Troy’s Book Club: Pagans and Christians

“Pagans and Christians: The Personal Spiritual Experience” by Gus DiZerega

This book was lent to me by a friend after a recent discussion about our attitudes towards and feelings about organized religions. My friend has mentioned how in her own spiritual journey, she had come to feel a lot of connection to the ideas that many modern pagans espouse. This book had given her much clarity, and she thought I mind find some value in its discussions too. And, she was right – I did mind much food for thought in this volume. It is a pretty “deep” read, and as such, took me a while to work through – a few pages here, a few pages there. I did get through it though, and learned much about the pagan tradition and where it differs from and is similar to Christianity, and organized religion in general.

The biggest understanding I got from this book is that to the pagan tradition, Spirit is “transcendent and immanent” – meaning it is both beyond us and within us at the same time. The “higher power” is beyond our ability to comprehend, much less speak for, but is also within every aspect of the world we live in. Because of this, much of the pagan tradition focuses on meditation and celebration in nature and natural spaces, and in finding meaning and solace in the cycles of the seasons.

Here are some choice segments that I particularly appreciated in the book:

+We do not need to try and discover where Divinity is, for there is no place where Divinity is not. Needless to say, few Pagans are ever trouble by existential angst over the supposed meaninglessness of existence. For us existence is sacramental, the world is sacred, and whenever we fail to live up to these insights the failing is ours, and not the world’s.

+We need to be cautious of whatever term we use in describing what is most Ultimate. Names carry with them the illusion of understanding what is named, but every name is an abstraction from the reality to which it points. In the case of the Most High, what we are attempting to name far exceeds our capacity for understanding.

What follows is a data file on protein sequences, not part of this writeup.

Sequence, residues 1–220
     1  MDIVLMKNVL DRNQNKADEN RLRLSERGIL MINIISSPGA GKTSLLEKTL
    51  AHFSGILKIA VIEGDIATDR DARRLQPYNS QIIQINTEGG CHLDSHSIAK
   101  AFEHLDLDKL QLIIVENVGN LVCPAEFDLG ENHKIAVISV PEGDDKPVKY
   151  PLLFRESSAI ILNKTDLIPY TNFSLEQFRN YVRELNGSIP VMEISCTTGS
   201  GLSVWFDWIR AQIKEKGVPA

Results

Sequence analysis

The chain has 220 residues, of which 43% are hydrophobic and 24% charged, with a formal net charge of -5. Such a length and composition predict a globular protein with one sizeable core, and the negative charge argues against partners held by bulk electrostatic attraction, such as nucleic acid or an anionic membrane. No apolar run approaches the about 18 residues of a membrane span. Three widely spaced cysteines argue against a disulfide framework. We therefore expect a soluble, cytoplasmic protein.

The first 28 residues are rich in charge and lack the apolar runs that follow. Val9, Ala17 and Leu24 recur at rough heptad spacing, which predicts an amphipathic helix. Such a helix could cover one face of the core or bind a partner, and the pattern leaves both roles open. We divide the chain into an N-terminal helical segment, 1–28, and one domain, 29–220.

+Being male is no more perfect than being female, and so a perfect Source can be described neither in male nor female terms.

+Not being complete, nothing can be without change for all things exist and are maintained by virtue of their relationships, and all relationships are subject to change. (my italics – TF)

+True wisdom comes from traveling well, not from traveling quickly.

+Each of us only imperfectly practices our deepest beliefs. Often we fall short. Our actions and our communities reflect our weaknesses as well as our strengths.

+If Nature teaches us anything at all about the intentions of the Divine, it is that variety and unpredictability are treasured.

One of the big differences between Pagan and Christian tradition, as DiZerega points out, is that Christian tradition places value on salvation in the afterlife, while Pagan tradition is more interested in harmony in this life. That idea leads to statements as follows:

+Faith in scripture is supposed to rum any personal experience within the Christian community.

+…emphasis upon harmony rather than salvation leads to a much stronger emphasis on spiritual transformation or connection in this life rather than bliss in the next.

+The most important spiritual experiences are often the least expected.

+We are almost completely surrounded by our own artifacts, and we see them through the lenses of our own preoccupations with power, profit, and pride. We also feel the emptiness that results.